This post marks Part 5 of the 20-part series The Oscar 100. Join me as I reflect on the 100 greatest Oscar-nominated performances and what made them so richly deserving of recognition.
80. Dustin Hoffman in Tootsie (1982)
Ben Kingsley, Gandhi (WINNER)
Jack Lemmon, Missing
Paul Newman, The Verdict
Peter O'Toole, My Favorite Year
Hoffman portrays Michael Dorsey, the struggling actor who, unable to find anyone in New York who will hire him, reinvents himself as actress Dorothy Michaels. Dorothy lands what was supposed to be a short-lived role on a daytime soap but, proving a surprise smash, is instead signed into a long-term contract. Among the many new complications in Michael's life is his affection for co-star Julie (Jessica Lange), who adores her new colleague (as a girlfriend) and whose lonely father (Charles Durning) develops feelings for Dorothy. This performance marked Hoffman's fifth Oscar nomination.
On Oscar night 1982, a then-record 53 million viewers - later surpassed only by the 1997 ceremony - tuned in to watch the two biggest box office hits of the year, E.T.: The Extra Terrestrial and Tootsie, battle it out for awards glory. Those hoping for a barn burner between the two were instead treated to a Gandhi sweep, as the Richard Attenborough picture steamrolled the evening, scoring eight trophies, including Best Picture. E.T. mustered a quartet of technical prizes, four times the single award Tootsie earned, in Best Supporting Actress (Lange, a consolation prize both for the film and the star, who would've won in Best Actress for Frances nearly any other year).
Among Tootsie's nine losses, of course, was Best Actor, a prize which, despite some awfully stiff competition (all five nominees are fabulous), surely should have gone to Hoffman. That he'd just prevailed three years earlier for Kramer vs. Kramer could not have helped his chances, not that anyone was beating Kingsley, the star of a picture the Academy so adored.
Kingsley is in fine form, no doubt, but, for my money, Tootsie is a career-topper for Hoffman. (Oh, and did I mention Tootsie is totally the greatest comedy of all-time.) It's a dazzling comic turn, leaps and bounds more satisfying than say, his twitchy, exasperating Oscar-winning performance in Rain Man. He's even better here than in Kramer vs. Kramer, and that's one hell of an effort.
Chowing down on the legendary Larry Gelbart-Murray Schisgal-Elaine May-Barry Levinson screenplay, Hoffman has a field day, both as Michael and Dorothy. As Michael, he has gangbusters scenes opposite Teri Garr (who should've won the Oscar), Bill Murray (never been funnier) and, of course, director Sydney Pollack, whose rapport with Hoffman ("you were a tomato!") couldn't be better. As Dorothy, he has equally marvelous moments with the likes of Durning (oh so sweet), George Gaynes ("does Jeff know?") and Dabney Coleman (the perfect slimeball). Lange, never lovelier, shares charming scenes with both.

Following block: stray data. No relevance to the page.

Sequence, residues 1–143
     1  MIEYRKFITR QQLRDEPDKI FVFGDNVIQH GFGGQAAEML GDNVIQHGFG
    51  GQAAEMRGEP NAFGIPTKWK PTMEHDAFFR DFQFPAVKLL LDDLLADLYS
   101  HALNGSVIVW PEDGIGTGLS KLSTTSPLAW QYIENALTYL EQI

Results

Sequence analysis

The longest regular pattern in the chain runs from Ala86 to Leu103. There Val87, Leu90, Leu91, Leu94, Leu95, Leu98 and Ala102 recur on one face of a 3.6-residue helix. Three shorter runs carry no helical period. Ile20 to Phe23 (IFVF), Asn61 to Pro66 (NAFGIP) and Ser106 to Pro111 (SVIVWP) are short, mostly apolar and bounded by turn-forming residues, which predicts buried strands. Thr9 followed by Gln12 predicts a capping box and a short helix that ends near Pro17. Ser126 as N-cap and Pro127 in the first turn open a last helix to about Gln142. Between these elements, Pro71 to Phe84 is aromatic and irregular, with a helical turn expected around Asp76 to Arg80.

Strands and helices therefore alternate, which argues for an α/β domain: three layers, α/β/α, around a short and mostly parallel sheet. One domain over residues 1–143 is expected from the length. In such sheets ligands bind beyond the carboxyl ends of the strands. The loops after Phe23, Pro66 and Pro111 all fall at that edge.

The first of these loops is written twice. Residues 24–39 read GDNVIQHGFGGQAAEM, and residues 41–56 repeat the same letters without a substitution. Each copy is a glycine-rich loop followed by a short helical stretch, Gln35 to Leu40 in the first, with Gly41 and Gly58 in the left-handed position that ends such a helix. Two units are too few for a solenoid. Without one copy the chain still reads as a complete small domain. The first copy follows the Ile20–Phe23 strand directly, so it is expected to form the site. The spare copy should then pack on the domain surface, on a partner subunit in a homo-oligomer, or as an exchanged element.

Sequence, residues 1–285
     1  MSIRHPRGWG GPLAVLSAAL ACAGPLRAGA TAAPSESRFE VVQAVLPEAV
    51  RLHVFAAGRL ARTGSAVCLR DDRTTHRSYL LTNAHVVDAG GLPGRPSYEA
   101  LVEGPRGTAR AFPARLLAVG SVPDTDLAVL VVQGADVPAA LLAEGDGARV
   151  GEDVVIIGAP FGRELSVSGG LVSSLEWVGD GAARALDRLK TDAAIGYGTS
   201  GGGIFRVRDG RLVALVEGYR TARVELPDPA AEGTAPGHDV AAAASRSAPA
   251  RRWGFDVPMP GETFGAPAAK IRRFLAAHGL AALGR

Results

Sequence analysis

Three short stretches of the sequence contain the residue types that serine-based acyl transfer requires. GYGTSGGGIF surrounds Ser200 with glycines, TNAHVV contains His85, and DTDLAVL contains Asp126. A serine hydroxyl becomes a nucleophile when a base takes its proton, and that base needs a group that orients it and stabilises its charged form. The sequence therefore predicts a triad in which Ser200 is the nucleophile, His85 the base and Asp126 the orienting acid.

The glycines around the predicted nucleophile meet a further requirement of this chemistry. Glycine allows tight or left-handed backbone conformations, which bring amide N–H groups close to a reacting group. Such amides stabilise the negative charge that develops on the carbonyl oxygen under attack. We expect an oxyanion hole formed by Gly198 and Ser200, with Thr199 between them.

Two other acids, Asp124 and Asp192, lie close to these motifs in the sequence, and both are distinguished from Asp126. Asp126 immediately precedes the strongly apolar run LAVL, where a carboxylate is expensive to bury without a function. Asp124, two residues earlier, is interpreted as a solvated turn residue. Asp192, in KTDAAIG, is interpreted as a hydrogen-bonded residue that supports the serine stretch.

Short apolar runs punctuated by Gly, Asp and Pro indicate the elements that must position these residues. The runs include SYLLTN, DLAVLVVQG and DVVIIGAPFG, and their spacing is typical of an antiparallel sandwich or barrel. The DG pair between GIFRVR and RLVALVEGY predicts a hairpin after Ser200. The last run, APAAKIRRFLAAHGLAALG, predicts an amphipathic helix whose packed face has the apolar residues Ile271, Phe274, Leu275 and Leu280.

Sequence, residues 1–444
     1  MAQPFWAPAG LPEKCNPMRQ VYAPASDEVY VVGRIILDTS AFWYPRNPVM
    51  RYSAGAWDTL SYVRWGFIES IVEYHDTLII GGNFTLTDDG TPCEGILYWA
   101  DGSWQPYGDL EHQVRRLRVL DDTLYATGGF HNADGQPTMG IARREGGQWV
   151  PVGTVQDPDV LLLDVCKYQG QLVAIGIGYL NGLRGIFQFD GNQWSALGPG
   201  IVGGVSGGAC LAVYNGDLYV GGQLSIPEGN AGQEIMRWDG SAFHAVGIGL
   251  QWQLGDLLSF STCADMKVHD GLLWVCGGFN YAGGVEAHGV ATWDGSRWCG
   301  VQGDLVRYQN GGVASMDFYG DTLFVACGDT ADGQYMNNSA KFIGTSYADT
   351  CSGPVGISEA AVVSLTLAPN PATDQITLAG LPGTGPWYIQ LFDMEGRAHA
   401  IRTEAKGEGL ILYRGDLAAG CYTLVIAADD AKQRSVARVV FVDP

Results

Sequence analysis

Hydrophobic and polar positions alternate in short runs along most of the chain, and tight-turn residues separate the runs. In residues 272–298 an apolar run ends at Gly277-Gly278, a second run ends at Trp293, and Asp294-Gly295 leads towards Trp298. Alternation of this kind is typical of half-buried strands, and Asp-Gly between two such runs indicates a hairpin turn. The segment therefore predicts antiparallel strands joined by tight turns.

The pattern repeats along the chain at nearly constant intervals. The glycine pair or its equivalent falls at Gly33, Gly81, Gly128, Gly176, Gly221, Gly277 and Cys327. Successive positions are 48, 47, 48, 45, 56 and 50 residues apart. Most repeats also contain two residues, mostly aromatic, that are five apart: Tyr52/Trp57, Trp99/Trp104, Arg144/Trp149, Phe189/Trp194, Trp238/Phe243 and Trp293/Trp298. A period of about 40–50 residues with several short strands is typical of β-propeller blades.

Of course, Hoffman's best scene of all comes toward the picture's end, as Dorothy, too popular to possibly let leave the show, is asked to extend her contract for another year. Desperate to get out, Michael improvises the speech of all speeches live on air, revealing Dorothy's Emily Kimberly to in fact be Emily's twin brother Edward Kimberly, thus providing Michael the opportunity to shed the wig and makeup and at last reveal himself.
The script and Pollack's direction here are pitch-perfect but the moment would not work without a true master of an actor there to pull it off. What Hoffman does, in this scene and many more, is the stuff of real movie magic. It's a riotous, endearing and exciting performance in a picture that, no doubt, will stand the test of time as a comedy classic.
79. Bette Davis in All About Eve (1950)
Anne Baxter, All About Eve
Judy Holliday, Born Yesterday (WINNER)
Eleanor Parker, Caged
Gloria Swanson, Sunset Boulevard
Davis portrays Margo Channing, beloved Broadway superstar. Life is peachy keen for the actress until the entrance one evening of Eve Harrington (Anne Baxter), an aspiring starlet who wins Margo over with her moving story of supposedly growing up poor in Wisconsin, losing her husband in World War II and having nothing but her favorite actress to look up to. Margo hires Eve as her new assistant and it isn't long before Eve's mischievous plan kicks into action - to use the aging star as a mere stepping stone to achieve her own fame. This performance marked Davis' eighth Oscar nomination.